It´s always a pleasure of mine to give voice to and support artists who create superb music and focus their work on delivering essential messages through their art.

I Used To Be Sam (she/they) does precisely that, as you´ll discover with her debut self-titled EP (September 16th, 2022) and the incredible interview she gave us to celebrate this new release, a milestone in her life and career.

If you enjoy her music and message, please remember to support and share I Used To Be Sam´s work.

I Used To Be Sam, thank you so much for answering our questions and congratulations on your gorgeous new self titled EP (September 16th, 2022). Could you please describe yourself to everyone discovering you through this interview?

Hi, and thank you for having me. I am a singer and songwriter from the United States but am currently living in Switzerland. I make cinematic alt-pop, meets folk, tied together with some warm soulful vocals. I am also a TRA (Transracial Adoption). Being adopted has been a big part of my identity, and now, for the first time, I am combining this personal aspect of my life with my music. 

Your new EP, I Used To Be Sam, is an explorative laid-back pop collection of deeply personal parts of your life and yourself. This record was born to create a safe-space to bring people together and open up, especially about the narrative around transracial adoption. But to that first, there must have been an essential process of introspection. Was that process the most significant challenge during the creation of the EP? 

Usually before I write music, there is a good amount of sitting in my feelings and being swept up in my thoughts. This time around, after I was re-rejected by my birth mother (I tried to reach out and reconnect with her a few years ago), I knew pretty early on that I wouldn’t be able or equipped to hold onto those feelings for a long time. The hurt I felt by being rejected was the catalyst for these songs. So, I would say writing this EP was in fact my introspection. I was figuring out in that small bedroom studio how I was feeling and what I wanted and needed to say. The creative process as a whole brought up a different type of challenge for me.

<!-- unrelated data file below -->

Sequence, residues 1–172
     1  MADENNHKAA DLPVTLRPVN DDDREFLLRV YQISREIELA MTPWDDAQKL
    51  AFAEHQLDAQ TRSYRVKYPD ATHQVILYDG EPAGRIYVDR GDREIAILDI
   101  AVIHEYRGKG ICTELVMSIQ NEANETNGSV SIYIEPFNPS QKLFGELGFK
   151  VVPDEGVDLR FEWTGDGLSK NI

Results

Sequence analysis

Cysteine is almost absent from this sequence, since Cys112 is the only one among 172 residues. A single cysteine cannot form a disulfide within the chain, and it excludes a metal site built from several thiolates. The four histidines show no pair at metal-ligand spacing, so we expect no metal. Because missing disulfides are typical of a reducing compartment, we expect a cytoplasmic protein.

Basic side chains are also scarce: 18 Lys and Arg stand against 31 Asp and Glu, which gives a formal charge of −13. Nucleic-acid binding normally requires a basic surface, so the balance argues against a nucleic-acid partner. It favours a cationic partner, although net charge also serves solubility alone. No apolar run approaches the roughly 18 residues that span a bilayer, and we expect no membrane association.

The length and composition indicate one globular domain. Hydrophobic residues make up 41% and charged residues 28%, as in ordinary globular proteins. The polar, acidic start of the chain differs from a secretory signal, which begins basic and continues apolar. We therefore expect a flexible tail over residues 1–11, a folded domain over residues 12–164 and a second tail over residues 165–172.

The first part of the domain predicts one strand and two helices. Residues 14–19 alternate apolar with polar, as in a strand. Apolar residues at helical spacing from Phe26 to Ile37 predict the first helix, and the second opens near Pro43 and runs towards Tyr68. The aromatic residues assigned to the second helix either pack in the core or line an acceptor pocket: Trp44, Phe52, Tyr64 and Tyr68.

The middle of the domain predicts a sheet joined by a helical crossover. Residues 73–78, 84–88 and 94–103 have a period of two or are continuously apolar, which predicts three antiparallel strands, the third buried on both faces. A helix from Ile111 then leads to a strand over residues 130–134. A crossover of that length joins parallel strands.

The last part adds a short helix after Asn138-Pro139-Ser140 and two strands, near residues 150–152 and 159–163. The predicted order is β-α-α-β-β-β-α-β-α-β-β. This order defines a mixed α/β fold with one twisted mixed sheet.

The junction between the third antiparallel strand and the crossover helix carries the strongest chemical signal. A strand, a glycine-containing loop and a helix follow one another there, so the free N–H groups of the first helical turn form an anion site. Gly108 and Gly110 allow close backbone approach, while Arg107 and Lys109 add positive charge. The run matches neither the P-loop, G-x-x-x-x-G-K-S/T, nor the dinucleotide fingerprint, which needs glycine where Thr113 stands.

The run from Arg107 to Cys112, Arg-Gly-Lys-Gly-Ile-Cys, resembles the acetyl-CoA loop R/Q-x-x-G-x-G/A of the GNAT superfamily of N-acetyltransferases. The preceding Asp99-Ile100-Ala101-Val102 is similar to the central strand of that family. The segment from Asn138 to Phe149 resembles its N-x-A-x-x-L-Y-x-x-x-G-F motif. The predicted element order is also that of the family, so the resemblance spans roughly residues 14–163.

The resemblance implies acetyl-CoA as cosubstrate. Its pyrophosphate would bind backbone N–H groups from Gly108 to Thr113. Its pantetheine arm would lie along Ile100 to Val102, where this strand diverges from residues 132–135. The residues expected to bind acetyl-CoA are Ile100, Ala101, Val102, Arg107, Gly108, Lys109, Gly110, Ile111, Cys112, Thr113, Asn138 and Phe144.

This is your first work under the moniker I Used To Be Sam. Why was it important to you to start this new project under this name? Could you please talk about what made you embrace this new moniker? 

Thank you for asking that question. I had been working and creating for a long time as Annie Goodchild, and I’ve loved so many of the experiences, shows, and musical connections I made through that project. But when I took a fateful DNA test, which led to some beautiful connections with my birth family and some severe heartbreak, I knew that I would need to acknowledge a part of my self and story that I hadn’t been able to address publicly or personally up until this point. I confirmed that my birth name is Samantha; and I’d like to think that if my adoptive parents hadn’t changed my name, I’d go by Sam today. “I Used To Be Sam” is my way of honoring the first person I was, the most vulnerable version of myself, and the foundational experiences that still shape me today.

In this EP, you´re showcasing a uniquely sincere and profound ability as a songwriter to open the door of your personal life to strangers. How do you usually approach your creativity and feelings when it comes to the songwriting process? 

Being vulnerable is scary…I think it is for a lot of people… but living a life without vulnerability would be even scarier and sadder to me. When I’m writing music, especially these five songs, it was important to me to tune into the purest aspects of my feelings so I could communicate them as honestly as possible. I think part of my adoption trauma is the fear of not being enough of anything – not talented enough, lovable enough, smart enough, not being beautiful enough, queer enough etc. For this EP, I wanted to try my best to not let that critical voice speak as loudly, and not let the fear of hurting or angering people in my life, stop me from writing the songs I needed to write and saying the things I needed to say.

I Used To Be Sam has also come to life as a visual EP over the last months. Each track of the record has received a visual treatment to follow your story. Was this your idea since the very beginning to tell your story through images? Or was it something that came after finishing the record?